The other problem with the film, and why it’s so confused, is that it desperately seems like it wants to be much more than a surface level piece; the restrained, vaguely impressionist directing conveys not a “hey look at me” gesture but a more thoughtful “let’s wait and let the film wash over us to unlock its mysteries” sensibility. Yet over the course of such a broad narrative (with many years gone in time) this day-to-day filmmaking ceases to be perceptive. Instead, it seems unfocused, messy, and occasionally flat. The unwieldy nature of Hillcoat’s work, which tries to accomplish far too much for its allotted running time, keeps it from ever attaining the rigor and form its best self might have.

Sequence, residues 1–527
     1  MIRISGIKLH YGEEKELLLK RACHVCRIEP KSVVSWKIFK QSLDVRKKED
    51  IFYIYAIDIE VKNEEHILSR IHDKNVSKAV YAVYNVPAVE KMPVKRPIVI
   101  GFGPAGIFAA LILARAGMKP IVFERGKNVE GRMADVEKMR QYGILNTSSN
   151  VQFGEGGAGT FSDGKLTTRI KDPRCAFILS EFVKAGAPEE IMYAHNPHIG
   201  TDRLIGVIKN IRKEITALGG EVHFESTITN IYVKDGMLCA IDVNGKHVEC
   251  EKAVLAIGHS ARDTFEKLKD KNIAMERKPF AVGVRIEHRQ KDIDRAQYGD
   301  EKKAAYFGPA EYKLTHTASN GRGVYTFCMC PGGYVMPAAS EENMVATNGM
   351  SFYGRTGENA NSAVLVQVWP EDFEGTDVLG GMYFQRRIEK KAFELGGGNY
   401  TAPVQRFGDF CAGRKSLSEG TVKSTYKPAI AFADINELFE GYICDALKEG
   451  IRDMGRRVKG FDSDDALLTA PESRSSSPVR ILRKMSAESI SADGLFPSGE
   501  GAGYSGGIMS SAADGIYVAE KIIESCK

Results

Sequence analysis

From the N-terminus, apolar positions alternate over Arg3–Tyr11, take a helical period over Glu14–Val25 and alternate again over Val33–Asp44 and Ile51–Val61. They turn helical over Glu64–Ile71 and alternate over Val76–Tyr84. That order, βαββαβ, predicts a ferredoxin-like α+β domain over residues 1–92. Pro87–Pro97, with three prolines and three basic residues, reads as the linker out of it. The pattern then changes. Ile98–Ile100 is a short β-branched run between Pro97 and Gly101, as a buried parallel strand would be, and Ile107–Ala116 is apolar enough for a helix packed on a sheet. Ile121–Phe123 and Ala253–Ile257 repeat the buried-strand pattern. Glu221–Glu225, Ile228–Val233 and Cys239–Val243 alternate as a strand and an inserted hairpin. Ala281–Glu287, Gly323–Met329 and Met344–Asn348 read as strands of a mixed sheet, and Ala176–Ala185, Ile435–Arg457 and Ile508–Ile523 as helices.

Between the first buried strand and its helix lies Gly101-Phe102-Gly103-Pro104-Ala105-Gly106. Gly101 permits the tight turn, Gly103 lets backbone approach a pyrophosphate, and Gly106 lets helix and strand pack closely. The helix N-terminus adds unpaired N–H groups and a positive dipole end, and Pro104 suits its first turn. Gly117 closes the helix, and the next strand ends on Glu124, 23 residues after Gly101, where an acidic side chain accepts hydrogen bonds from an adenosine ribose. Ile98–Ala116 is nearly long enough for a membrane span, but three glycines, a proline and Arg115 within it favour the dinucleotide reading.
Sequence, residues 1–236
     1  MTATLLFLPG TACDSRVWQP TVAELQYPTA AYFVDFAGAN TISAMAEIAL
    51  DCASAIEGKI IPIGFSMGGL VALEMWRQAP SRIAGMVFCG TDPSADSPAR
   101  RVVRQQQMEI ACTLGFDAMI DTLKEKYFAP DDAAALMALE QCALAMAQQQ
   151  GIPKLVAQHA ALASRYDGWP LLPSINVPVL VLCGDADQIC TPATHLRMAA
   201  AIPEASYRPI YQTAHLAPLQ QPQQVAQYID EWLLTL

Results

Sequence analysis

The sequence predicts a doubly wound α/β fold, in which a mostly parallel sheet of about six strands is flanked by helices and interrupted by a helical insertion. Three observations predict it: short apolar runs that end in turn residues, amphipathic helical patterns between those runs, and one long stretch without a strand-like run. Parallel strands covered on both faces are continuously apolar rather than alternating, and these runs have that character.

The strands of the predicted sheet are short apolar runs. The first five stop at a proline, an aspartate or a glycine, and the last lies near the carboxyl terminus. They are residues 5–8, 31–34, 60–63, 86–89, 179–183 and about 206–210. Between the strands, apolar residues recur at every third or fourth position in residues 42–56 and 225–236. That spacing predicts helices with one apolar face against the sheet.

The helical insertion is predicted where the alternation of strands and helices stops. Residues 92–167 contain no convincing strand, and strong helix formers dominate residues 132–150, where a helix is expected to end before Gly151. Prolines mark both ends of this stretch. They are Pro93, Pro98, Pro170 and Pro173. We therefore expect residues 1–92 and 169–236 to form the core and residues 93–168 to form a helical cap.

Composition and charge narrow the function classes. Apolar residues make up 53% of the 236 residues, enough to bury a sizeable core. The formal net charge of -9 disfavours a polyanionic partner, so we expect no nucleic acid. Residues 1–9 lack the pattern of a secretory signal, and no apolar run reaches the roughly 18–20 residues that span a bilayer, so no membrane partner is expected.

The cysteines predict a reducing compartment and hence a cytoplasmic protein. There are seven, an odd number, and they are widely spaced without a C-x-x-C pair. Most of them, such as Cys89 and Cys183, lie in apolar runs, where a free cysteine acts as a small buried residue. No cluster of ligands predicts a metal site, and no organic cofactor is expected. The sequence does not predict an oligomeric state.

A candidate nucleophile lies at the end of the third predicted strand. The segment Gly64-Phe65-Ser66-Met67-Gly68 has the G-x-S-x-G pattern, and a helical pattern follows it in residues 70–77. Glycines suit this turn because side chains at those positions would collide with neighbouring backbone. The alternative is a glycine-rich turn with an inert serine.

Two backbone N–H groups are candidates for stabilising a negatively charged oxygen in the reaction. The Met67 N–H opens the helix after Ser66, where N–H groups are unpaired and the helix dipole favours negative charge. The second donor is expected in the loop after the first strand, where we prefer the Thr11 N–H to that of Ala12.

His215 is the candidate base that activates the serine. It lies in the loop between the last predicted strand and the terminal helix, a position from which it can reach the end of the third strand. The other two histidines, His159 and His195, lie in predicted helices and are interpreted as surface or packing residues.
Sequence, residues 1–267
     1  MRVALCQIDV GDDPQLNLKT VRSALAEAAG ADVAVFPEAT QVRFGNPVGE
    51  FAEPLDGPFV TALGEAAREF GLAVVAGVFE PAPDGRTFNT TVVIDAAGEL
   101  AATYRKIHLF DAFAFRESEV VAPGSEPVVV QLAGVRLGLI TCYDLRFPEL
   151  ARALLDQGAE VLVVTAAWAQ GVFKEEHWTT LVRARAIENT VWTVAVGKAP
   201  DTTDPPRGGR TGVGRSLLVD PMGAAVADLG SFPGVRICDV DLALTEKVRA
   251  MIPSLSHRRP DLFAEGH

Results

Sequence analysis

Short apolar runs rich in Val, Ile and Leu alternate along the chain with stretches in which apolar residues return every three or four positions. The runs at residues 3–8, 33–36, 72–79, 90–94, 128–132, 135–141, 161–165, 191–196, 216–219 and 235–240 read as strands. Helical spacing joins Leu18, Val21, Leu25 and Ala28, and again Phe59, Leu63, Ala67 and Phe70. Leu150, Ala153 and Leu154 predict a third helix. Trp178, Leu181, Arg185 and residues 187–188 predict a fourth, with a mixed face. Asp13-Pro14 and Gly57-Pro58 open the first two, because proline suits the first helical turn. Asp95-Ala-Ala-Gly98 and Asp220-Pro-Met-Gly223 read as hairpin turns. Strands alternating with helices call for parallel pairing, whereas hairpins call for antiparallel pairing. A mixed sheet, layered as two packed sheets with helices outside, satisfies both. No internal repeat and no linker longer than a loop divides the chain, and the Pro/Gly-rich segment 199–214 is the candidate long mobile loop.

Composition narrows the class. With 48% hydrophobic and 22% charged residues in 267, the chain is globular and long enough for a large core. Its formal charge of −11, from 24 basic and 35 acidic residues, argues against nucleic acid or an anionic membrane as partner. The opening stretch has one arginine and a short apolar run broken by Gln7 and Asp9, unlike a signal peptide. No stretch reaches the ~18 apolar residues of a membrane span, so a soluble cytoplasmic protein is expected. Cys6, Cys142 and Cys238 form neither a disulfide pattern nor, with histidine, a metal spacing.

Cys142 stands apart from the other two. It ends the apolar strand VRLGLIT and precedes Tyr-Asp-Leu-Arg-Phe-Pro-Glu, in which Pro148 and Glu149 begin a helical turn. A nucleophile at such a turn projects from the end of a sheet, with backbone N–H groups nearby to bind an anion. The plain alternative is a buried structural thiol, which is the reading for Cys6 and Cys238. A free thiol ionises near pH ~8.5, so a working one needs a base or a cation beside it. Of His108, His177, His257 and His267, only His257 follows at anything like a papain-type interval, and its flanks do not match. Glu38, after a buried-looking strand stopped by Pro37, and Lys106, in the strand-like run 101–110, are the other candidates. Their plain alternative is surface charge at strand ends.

All this negativity, however, really isn’t fair to what is by-and-large a strong effort, professionally made and exquisitely staged, costumed, and produced. The acting in particular is of note – Shia Labeouf has never been better, Tom Hardy is typically stunning, Jessica Chastain presents one of the most pained, destroyed female characters of the 2010s yet, and Guy Pearce is a delicious spook as the film’s proudly cartoonish villain. The lighting is terrific, playing up not only realism but the mythic nature of past films that have commented on Southern identity, and the whole thing is beautiful in just the grubby way it ought to be. There’s so much to like about the film, and quite a bit to love too, but dramatic integrity is not among them (or maybe it has too much professional integrity, and that’s the problem). Hillcoat has yet to make his second truly great film. He’s settled for flash-bang moments of greatness, themselves major pleasures in their own way, swimming around and propping up good works. He can do better, but good is often enough. It just lacks the madman’s spark he has lying somewhere dormant inside him.